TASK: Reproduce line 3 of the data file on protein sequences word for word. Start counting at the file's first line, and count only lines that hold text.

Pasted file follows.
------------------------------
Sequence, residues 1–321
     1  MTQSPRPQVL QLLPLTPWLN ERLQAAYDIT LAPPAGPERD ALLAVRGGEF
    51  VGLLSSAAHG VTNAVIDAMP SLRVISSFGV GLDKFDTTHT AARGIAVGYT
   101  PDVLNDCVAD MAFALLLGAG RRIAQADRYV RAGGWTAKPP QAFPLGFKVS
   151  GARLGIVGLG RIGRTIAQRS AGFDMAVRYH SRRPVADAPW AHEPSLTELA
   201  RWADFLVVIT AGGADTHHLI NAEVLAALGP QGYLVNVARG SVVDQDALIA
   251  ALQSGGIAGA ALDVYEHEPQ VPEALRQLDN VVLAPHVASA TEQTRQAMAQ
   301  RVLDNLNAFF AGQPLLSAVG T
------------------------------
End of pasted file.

    51  VGLLSSAAHG VTNAVIDAMP SLRVISSFGV GLDKFDTTHT AARGIAVGYT